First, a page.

The story starts off with the rare win for Cobra as you take control of either Storm Shadow or Cobra Commander – two great characters to being with really, as they raid a Joe battleship in an effort to… well, this is video game / Saturday cartoon levels of ‘take over the world’ here, so the details aren’t really all that important. The story is not terribly deep, but neither is the source material that the game is based on, so to that end it all works just fine. The story is told through a comic book style of still images that update here and there to serve as the cutscenes. In most cases this would seem rather budget-friendly, but here it is not all that distracting given the source IP.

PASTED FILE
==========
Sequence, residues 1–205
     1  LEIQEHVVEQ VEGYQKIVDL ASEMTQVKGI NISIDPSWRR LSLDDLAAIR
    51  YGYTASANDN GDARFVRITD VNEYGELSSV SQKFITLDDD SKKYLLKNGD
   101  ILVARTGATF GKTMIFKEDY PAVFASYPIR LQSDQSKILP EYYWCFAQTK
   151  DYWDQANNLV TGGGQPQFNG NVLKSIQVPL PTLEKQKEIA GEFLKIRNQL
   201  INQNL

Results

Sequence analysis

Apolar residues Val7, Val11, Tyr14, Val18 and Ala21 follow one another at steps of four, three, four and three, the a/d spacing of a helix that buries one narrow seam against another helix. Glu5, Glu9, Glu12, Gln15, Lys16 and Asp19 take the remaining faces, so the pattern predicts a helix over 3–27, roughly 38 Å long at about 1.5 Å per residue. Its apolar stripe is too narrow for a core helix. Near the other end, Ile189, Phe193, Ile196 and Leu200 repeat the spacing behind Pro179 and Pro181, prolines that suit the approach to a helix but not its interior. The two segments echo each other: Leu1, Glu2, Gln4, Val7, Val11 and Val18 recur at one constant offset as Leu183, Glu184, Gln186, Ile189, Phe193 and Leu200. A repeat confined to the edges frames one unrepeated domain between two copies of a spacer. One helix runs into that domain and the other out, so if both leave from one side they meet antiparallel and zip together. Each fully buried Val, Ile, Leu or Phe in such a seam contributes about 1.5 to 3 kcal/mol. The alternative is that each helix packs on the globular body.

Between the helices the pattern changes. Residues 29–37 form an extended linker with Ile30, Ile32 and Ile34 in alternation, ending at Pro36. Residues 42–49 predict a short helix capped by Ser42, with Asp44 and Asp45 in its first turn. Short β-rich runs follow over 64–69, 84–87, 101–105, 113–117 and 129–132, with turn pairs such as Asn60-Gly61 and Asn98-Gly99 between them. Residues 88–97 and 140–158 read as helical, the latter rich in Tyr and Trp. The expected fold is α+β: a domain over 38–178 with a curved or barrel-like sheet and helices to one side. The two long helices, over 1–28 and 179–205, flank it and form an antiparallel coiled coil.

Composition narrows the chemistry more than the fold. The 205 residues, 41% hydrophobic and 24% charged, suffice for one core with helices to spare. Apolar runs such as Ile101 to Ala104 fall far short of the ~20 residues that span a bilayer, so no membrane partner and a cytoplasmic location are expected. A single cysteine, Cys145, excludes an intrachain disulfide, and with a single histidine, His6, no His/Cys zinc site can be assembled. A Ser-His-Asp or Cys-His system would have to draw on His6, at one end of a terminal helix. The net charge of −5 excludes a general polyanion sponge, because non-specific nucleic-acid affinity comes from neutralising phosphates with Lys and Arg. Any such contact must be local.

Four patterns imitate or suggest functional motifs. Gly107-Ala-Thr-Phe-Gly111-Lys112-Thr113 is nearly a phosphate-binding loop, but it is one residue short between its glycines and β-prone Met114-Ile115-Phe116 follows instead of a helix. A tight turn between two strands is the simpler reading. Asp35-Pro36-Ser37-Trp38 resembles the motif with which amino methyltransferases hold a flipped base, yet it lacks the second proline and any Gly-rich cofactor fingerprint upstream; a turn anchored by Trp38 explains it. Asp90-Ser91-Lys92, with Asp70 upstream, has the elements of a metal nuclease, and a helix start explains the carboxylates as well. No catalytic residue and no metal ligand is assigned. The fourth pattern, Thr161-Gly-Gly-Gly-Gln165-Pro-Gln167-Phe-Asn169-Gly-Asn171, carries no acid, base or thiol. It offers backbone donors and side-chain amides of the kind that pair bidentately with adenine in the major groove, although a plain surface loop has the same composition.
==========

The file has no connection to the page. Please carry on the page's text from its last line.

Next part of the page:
Still, these scenes are generally brief – the meat and potatoes are in the combat which is perfectly serviceable. You have a third person shooter sans cover mechanics, the ability to switch between weapons while picking up more throughout the level, some grenades to toss for some splash damage, melee attacks when close to an opponent and a super power that charges up similar to Overwatch that is unique to each character. There is even a Gears of War-like active reload that works nicely within the gameplay. The actual shooting mechanics are a bit loose, and I found myself favoring rapid fire weapons that have a ‘spray and pray’ approach over harder hitting but slower ones that required precision to use well. There is some aim assist that can be turned on, but with the lack of a good cover mechanic, enemies swarming from all around and a somewhat fast gameplay, precision is not really the name of the game here.